During the second World War, there were two kinds of nuclear bombs that were developed: the fission and the fusion bombs. The fission bomb, known as the atomic bomb, was instrumental in bringing World War II to a rapid close. Two such missiles were dropped in August, 1945—one on Hiroshima, Japan, which destroyed 67 per cent of the city, and the other on Nagasaki, Japan, destroying 40 per cent of the city.
Because of its military importance, little information has been published on the construction of the atomic bomb. Unofficial publications describe the bomb as containing a hollow sphere of high explosives. When detonated, the shaped charges implode (blast inward) and bring together quantities of uranium or plutonium in a specific manner to create a “critical mass.”
A critical mass requires that a certain weight of fissionable material must be assembled to sustain a chain reaction. When the critical mass is attained, the nucleus of the uranium or plutonium atom is bombarded with tremendous amounts of slow-moving neutrons. Some neutrons are successfully absorbed and split the nucleus. The result is the formation of lighter elements, the emission of more neutrons, and a violent release of energy. As more neutrons are multiplied, more nuclei are split—thus accounting for the term “chain reaction.” This entire reaction takes place in a fraction of a second. The size of the explosion depends upon the efficiency of the chain reaction.
The first atomic bomb explosion was performed near Alamogordo, New Mexico, on July16, 1945, atop a steel tower. The blast was so powerful that the tower disintegrated as a result of vaporization and the sand in an 800-yard radius fused to glass.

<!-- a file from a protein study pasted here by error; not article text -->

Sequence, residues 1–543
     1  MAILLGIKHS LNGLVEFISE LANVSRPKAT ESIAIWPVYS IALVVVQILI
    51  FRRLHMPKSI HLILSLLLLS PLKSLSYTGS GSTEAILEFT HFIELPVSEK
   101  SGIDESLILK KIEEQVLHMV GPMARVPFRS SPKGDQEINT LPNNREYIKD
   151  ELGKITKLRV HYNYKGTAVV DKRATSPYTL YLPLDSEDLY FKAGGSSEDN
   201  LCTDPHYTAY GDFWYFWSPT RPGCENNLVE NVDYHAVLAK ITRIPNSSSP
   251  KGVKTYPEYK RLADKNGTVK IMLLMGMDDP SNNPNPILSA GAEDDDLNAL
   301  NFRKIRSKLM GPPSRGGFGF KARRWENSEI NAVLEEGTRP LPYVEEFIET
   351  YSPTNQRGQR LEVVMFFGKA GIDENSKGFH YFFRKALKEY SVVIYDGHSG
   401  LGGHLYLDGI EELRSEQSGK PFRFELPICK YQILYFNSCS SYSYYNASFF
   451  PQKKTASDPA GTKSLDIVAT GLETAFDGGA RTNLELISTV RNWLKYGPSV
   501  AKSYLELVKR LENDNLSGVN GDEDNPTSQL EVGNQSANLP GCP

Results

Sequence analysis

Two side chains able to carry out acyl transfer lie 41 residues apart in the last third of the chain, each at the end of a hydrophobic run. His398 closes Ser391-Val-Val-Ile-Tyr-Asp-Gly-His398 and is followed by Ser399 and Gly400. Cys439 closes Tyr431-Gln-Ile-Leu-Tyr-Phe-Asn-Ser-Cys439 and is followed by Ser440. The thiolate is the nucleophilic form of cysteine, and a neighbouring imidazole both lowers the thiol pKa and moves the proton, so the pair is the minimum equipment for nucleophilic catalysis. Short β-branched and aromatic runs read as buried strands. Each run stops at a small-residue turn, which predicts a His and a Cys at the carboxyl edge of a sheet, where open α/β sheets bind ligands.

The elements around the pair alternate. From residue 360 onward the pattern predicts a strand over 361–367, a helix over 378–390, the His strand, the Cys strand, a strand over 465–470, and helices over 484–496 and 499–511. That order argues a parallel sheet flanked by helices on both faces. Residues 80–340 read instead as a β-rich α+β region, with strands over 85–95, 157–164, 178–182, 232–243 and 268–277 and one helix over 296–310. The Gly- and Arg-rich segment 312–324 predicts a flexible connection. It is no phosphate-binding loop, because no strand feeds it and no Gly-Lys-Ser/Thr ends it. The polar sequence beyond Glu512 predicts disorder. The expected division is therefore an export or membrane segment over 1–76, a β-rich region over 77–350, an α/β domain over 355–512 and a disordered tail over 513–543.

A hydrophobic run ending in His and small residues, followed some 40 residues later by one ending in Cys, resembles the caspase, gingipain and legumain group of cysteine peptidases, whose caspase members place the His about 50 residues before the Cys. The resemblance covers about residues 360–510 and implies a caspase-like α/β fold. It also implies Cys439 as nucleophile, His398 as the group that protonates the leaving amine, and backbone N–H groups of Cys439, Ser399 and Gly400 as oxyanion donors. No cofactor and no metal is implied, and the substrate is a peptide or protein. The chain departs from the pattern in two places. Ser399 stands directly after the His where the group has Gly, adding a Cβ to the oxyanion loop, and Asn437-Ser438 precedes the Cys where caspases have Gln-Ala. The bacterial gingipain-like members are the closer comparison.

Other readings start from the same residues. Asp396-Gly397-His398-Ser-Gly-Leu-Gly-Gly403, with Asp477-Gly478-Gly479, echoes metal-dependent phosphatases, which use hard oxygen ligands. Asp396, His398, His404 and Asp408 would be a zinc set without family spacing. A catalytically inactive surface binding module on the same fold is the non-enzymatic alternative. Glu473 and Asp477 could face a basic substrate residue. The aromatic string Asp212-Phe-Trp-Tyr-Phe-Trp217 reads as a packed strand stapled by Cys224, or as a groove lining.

Explosions of this type are characterized by a blinding flash of light, a heat wave, a tremendous shock wave, and a huge ball of fire rising rapidly in a mushroom-shaped cloud. The destructive force of this device is caused by three distinct actions:
- Blast effect – a violent wind first blowing out from the point of explosion and then reversing its direction, creating a vacuum. Most damage is caused by the side effects, such as flying glass and falling walls.
- Thermal radiation – the “flash” heat caused by absorption of heat energy for a very brief instant. In Japan, persons one and one-half miles from the blast were burned on surfaces facing the blast. Burning is caused by ignition of combustible materials.
- Ionizing radiation – called radioactivity, and causing the least amount of damage. A transfer of energy is affected whereby the human tissues undergo a biophysical and biochemical change.
Because of their vast power, atomic bombs are graded by the equivalent weight of TNT required to release the same amount of energy. The bomb’s power is expressed in kilotons (thousands of tons).
The fusion, or thermonuclear, bomb was first tested in November, 1952. Because the explosion is created by the fusion reaction of hydrogen isotopes, deuterium and tritium, the weapon is calledhydrogen bomb.
A fusion bomb of about 100 kilotons provides the great heat needed to sustain a thermonuclear reaction. The intense heat transforms the deuterium and tritium atoms into atoms of helium—a heavier element than hydrogen. The weight of helium atoms formed is less than the total weight of hydrogen atoms consumed in the fusion reaction. The difference in weight is the mass given off in the form of a violent release of energy. The fusion reaction is not limited like ordinary explosives since heat, not mass, initiates the release of nuclear energy.
Hydrogen and cobalt bombs are many more times as powerful as atomic bombs. Bombs as great as 50 megatons (millions of tons) already have been exploded.
A recent idea is the neutron bomb. It has probably not yet been made. In theory, the N-Bomb will be a fusion explosion like the hydrogen bomb. Unlike the H-bomb, however, the blast will develop into a burst of neutrons instead of a great ball of fire resulting in a radioactive cloud. The neutrons can penetrate solid materials, destroying life but not damaging the buildings.